You can use FluentU’s unique Learn Mode to learn the vocabulary and phrases from the video through fun questions.
FluentU keeps track of what you’re learning, and tells you exactly when it’s time for review, giving you a 100% personalized experience.
Review sessions use video context to help embed the words in your memory.
코리아 갓 탤런트 (Korea’s Got Talent)
Are you a fan of the famed singing contest “America’s Got Talent”? Then, you’re in for a treat: South Korea has got its own local show, and it’s available on YouTube! This is a great way to expose yourself to spoken language and to learn plenty of expressions related to singing, cheers and sadly, criticisms.
What also makes this a superb way to improve your Korean listening skills is the variety of songs that are introduced during each show. That’s because in addition to being a great way to quickly learn a unique facet of the Korean culture, the rhythm and repetitions of songs make them a truly effective tool for listening practice. The best way to leverage the show for your learning is to search for the song’s lyrics by typing its name on Naver Music or on Color Coded lyrics and follow along!
SNL코리아 (SNL Korea)
This is another exciting show that was adapted from a beloved American show, and odds are high that you watch it too. Saturday Night Live Korea is a South Korean late-night live TV sketch, humor and variety program. The show keeps you on your toes with a wide range of funny segments, all of which generally have a root in Korean news.
Unscripted and spontaneous, this is the perfect way to test your listening skills and replicate the real-life experience. To maximize your listening sessions, the best strategy is to make good use of the YouTube “Speed” feature. Simply locate the pinwheel in the bottom right-hand corner. From “Settings,” click on “Speed” and choose the proper pace for the video. Slow it down (anything under 1) or even accelerate it (any number above 1) for a great challenge!
If you appreciate pranks or grew up playing jokes on your beloved siblings, you’ll enjoy watching the SisterVSBrother YouTube channel. It’s filled with videos of unpredictable and hilarious pranks played on YouTube vlogger Stimboy by her little sister. In the videos, she generally plays a joke on him without his knowing, such as putting makeup on him while recovering from drinking too much soju or taping his entire body to the floor while sleeping.
Not too sure you can handle spoken Korean yet? Well, this is the right choice for you. You have the option to display either Korean or English subtitles by clicking on the pinwheel in the bottom right-hand corner of the video and select your preferred “Language” option by choosing the language you wish to display in captioning.
나는 호갱이었다 (I Was a Stupid Customer)
With a plethora of actionable money tips in Korean, this will quickly become your go-to business podcast. This authentic Korean show is the perfect mix of economics theory and practice, with examples taken from Korean markets and companies illustrating the host’s point. Needless to say, you’ll learn a lot about consumer strategy and marketing by listening to this brainy Korean podcast.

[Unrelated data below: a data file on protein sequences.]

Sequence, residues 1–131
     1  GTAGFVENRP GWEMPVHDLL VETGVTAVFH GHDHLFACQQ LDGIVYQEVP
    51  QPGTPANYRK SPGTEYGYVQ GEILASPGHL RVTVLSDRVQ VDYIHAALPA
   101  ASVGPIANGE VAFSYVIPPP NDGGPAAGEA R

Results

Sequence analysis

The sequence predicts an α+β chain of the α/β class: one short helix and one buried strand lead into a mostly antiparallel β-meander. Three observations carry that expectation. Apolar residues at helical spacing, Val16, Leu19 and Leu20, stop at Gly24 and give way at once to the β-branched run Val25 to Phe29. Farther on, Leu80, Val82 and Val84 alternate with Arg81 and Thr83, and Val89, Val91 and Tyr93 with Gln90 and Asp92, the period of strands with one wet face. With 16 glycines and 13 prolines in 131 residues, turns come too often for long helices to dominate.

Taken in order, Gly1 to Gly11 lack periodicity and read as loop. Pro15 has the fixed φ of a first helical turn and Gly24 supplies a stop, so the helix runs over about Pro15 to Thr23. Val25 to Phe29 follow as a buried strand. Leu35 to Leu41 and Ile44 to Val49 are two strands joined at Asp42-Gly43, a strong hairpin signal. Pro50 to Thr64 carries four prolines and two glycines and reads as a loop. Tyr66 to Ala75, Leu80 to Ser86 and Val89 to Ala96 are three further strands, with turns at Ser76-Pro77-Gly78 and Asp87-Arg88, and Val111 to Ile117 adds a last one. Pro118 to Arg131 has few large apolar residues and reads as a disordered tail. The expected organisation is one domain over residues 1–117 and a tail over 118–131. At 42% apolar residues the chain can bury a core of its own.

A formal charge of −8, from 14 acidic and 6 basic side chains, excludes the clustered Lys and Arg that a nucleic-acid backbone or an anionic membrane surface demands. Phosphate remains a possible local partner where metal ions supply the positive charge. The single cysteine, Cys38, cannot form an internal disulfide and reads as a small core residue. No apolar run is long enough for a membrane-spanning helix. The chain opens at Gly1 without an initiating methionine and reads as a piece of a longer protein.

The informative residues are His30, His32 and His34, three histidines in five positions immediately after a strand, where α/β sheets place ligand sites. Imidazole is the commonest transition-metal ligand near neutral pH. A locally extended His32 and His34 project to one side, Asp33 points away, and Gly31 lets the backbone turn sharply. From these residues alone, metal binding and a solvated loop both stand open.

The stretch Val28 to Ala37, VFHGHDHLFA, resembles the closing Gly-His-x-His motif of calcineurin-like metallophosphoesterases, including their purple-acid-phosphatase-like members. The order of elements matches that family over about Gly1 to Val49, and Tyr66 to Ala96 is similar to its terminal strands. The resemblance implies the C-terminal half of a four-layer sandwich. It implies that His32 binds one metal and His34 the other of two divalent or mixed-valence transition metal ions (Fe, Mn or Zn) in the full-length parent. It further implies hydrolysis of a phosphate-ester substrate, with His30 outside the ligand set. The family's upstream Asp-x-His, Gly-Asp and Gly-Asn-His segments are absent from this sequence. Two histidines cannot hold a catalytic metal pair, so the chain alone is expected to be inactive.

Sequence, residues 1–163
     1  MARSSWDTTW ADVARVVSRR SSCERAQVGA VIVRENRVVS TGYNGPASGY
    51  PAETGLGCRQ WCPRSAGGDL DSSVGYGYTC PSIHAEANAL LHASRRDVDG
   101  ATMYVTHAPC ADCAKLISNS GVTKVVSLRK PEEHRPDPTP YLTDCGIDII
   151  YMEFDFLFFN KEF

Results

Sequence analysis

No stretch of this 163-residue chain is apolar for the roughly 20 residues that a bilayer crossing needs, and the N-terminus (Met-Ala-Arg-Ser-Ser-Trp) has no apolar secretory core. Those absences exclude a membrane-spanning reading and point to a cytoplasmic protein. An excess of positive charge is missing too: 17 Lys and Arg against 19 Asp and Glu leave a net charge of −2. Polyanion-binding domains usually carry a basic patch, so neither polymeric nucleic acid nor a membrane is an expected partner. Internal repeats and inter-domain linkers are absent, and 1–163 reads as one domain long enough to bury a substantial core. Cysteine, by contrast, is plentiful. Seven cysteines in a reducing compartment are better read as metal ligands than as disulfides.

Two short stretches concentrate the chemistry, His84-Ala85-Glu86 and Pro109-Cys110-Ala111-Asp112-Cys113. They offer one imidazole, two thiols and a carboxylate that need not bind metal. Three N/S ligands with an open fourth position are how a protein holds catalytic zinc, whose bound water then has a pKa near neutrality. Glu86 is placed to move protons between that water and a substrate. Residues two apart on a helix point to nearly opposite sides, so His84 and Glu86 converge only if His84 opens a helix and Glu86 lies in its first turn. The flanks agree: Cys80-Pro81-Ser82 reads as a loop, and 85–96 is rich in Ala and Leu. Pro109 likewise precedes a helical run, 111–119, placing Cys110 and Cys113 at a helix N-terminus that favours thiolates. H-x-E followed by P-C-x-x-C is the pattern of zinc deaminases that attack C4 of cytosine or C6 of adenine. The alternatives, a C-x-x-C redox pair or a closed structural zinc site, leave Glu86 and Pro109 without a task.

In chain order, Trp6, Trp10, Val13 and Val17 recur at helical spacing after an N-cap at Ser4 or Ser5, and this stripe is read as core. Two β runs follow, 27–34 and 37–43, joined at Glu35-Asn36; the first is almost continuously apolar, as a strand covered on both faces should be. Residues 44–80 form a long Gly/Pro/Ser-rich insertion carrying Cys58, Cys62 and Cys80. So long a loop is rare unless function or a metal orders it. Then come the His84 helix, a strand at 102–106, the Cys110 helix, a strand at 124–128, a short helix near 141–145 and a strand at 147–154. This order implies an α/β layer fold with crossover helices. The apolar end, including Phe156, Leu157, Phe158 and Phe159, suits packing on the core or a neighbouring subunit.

You’ll learn a lot of essential business jargon and make real progress along the way. That’s because the host speaks very slowly and clearly. If you feel that this is a bit too advanced for you, don’t panic. Simply hit the rewind button, then select “Speed” and slow it down so you can pay a closer attention to what’s being said.
두시탈출 컬투쇼 (Two O’Clock Escape)
If you prefer to focus on content that’s a bit less intense for your listening practice, then this comedy program will make your day. This show features natural dialogue about a variety of topics such as health, romance, career, food or travel, allowing you to quickly build your Korean vocabulary and make your listening routine more aligned with what you’d encounter in real life.
And because there’s more than one speaker, this is a great way to test your ears and prepare yourself to follow along conversation in group-like settings. This show is on the long side, which is terrific if you’re looking to really see how you’d perform if you were in a fully immersive environment and build your listening endurance.
이동진의 빨간책방 (Dong-jin Lee’s Red Bookstore)
Are you a lover of the arts and literature? If so, the chances are high that you’ll appreciate the discussions in this podcast. Created by bookworms, for bookworms, this is the place to turn to for insightful recommendations, critiques and comments on the latest Korean novels, essays, poetry and, yes, classics.
Make your listening even more productive by doing a Naver search for the book in question. This will give you an overview of the book and allow you to identify important words on paper, perfect if you’ve missed them during your listening practice. And of course, don’t forget to read the podcast’s description to identify the keywords that will be introduced in the episode you’re listening to!
Now that Korean listening practice has no secrets from you, there’s no stopping you from conquering the Korean language! Have fun!